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Third Ear Band - Music From Macbeth CD (album) cover

MUSIC FROM MACBETH

Third Ear Band

 

Indo-Prog/Raga Rock

3.24 | 30 ratings

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Matti
Prog Reviewer
3 stars THIRD EAR BAND was a British instrumental group that released four albums between 1969 and 1972 (later they reactivated and made many more albums). Perhaps they were originally associated to the progressive rock scene more because of their prog-oriented record label Harvest than the nature of the music itself. The band isn't very familiar to me, so I can't compare this work to their other albums. However, this one obviously differs from its predecessors in the way that the tracks are often very short (mostly between 1 and 3 minutes) instead of containing lengthy hypnotic drones, since it was composed for film, Roman Polanski's Macbeth (1971). I haven't seen it, but it seems to have become a respected classic. "Perhaps William Shakespeare meant to have Lady Macbeth perform her sleepwalking scene in the nude -- it was this X-rated scene and the film's much-publicized spurts of violence, rather than the brilliant performances of Jon Finch as Macbeth and Francesca Annis as his Lady, that lured crowds", says Hal Erickson in his All Movie Guide review. Did you know that the film was financed by Playboy?

To demonstrate the uniqueness of TEB, it's good to begin with the unusual instrumentation: oboe and recorder (Paul Minns), cello and bass (Paul Buckmaster), plus guitars, drums, violin and VCS3 synth. The two last mentioned are played by Simon House, formerly of High Tide and later of Hawkwind -- the only member who hasn't any composing credits here. The music is mostly acoustic, pretty much dominated by oboe, cello and violin. Also the simple percussion sounds like the band is after an old music flavour. But they were no Amazing Blondel; no harmonic troubadour stuff but slightly disjointed and gloomy soundscapes. One can imagine how emotionally effective this music is on the film telling the sinister story of Macbeth, but undoubtedly it loses some of its appeal without that context.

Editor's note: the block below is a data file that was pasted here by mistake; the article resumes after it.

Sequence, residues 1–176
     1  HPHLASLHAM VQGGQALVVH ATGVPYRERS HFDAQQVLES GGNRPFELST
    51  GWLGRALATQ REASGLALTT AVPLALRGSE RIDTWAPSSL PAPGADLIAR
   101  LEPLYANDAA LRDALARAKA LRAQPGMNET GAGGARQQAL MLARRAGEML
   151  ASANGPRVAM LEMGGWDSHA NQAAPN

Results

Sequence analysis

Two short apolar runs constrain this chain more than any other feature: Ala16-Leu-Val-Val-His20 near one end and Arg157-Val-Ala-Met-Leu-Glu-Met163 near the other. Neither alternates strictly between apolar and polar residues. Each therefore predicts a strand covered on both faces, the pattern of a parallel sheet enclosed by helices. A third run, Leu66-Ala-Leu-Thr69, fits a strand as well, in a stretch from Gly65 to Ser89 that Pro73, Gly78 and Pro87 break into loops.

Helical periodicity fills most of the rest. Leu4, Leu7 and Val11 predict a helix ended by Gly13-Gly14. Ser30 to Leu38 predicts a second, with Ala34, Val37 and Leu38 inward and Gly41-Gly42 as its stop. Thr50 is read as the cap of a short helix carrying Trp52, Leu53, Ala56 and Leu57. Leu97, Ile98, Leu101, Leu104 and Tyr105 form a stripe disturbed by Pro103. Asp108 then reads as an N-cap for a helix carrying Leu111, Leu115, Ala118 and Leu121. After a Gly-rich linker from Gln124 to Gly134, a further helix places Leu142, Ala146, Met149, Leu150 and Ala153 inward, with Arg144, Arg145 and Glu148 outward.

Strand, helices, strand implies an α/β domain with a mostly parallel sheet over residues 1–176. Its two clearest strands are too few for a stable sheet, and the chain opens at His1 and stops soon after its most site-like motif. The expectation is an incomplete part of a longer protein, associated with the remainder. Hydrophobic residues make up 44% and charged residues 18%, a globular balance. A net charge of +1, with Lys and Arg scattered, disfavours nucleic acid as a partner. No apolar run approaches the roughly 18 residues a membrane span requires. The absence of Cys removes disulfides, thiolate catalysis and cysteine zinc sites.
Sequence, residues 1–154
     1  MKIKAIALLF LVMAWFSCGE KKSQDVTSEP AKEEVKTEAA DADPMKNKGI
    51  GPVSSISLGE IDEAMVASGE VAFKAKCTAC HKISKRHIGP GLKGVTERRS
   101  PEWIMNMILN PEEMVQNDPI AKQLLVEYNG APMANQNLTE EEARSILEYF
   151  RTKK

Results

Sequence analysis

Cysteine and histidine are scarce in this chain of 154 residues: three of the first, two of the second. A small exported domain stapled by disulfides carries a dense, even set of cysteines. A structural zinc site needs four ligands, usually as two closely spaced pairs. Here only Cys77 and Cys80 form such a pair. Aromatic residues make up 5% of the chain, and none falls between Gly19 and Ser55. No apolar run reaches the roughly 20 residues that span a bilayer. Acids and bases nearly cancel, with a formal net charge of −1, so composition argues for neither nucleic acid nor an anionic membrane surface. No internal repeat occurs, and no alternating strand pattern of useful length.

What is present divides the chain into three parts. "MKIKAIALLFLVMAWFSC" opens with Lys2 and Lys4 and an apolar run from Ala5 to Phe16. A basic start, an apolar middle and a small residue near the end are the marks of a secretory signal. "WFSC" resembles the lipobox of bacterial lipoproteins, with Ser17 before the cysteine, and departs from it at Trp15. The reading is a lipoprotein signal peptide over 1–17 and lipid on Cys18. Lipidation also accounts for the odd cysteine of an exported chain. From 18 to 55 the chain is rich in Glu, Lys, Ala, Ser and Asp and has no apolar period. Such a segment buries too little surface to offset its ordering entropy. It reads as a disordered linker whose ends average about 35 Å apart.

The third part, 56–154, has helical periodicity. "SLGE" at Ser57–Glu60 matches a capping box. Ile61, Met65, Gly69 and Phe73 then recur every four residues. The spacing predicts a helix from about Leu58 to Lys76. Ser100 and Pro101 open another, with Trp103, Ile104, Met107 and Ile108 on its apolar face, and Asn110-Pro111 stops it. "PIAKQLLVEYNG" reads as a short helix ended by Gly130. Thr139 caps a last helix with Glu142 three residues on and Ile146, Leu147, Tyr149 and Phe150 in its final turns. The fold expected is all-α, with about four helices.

A couple of brief tracks such as 'Dagger and Death' are more experimental and disturbing than the rest. The most accessible pieces are the rhythmic 'Court Dance' and 'Fleance', which is the only track featuring vocals. The album credits don't mention the vocalist. Only the close reading of the liner notes (I'm having the new Esoteric Recordings re-release) reveals the name Keith Chegwin -- surprisingly, since one would expect a woman. Apart from the lengthy liner notes (written by the underground writer/archivist Luca Chino Ferrari), the ER reissue contains three bonus tracks, previously unreleased first versions of 'Court Dance', 'Groom's Dance' and 'Fleance'. To my ears the differences are small, but at least the pieces in question are among the album highlights.

Personally speaking, this album didn't make me very interested in Third Ear Band. A bit too odd for my liking... Not that I'd ever been very keen on so called Raga-Rock in general. If you fancy hearing acoustic, oboe and string dominated, old music flavoured and dark-toned instrumental music, especially the new reissue with the detailed liner notes is worth checking out.

Matti | 3/5 |

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